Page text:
You won't get far in Belgium without an ID card, for which you'll need an address. Once you've found somewhere to live – even if the address is only temporary – you have to visit your local town hall (gemeentehuis/maison communale) register, and get your ID card.
What will I need?
If you're an EU citizen, you will need a valid passport, three passport-sized photos and proof of financial support (in most cases, a letter from your employer). Non-EU citizens need to provide five photos, a medical certificate signed by a licensed doctor, a certificate of good conduct from your country of origin, an official marriage licence (where applicable) and birth certificates if you have children. Be aware that some communes may want to take your fingerprints.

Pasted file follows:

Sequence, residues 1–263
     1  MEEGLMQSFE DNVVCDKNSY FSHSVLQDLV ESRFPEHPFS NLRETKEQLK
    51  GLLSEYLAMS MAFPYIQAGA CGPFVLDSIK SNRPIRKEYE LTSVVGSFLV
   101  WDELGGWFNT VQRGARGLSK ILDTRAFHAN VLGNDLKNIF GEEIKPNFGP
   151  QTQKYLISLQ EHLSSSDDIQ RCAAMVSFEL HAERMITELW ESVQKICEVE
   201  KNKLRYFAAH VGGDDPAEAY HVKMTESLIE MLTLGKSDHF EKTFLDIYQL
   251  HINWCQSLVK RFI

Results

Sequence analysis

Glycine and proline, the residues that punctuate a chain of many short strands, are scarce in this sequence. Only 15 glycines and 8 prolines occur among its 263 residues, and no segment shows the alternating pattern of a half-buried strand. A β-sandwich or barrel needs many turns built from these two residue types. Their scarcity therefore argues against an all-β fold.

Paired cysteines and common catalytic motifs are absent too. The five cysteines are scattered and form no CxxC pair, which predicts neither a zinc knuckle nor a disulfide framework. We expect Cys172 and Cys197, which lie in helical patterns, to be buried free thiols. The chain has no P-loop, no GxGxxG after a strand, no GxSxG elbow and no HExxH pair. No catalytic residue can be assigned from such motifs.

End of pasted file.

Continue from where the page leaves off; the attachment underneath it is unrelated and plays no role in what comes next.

How much will it cost?
The cost varies from one commune to another, but it is generally no more than EUR 15 (payable in cash only).
How long will it take to get my ID card?
The first time you visit the town hall, you will be given a document confirming your registration and payment but you will not receive your ID card just yet. The police first have to verify that you live at the address you have given. The commune will contact them to confirm that this is the case. If everything is in order, you will be invited to collect a temporary permit that is valid for three months. This will be renewed for a further three months once the commune has verified your proof of employment or self-employment and your social security registration.
You will eventually receive a permanent five-year card. It is advisable to carry it all times. Not only will you be asked to show it when purchasing certain goods, the police can also ask for it at any time. You can be fined if you don't have it with you.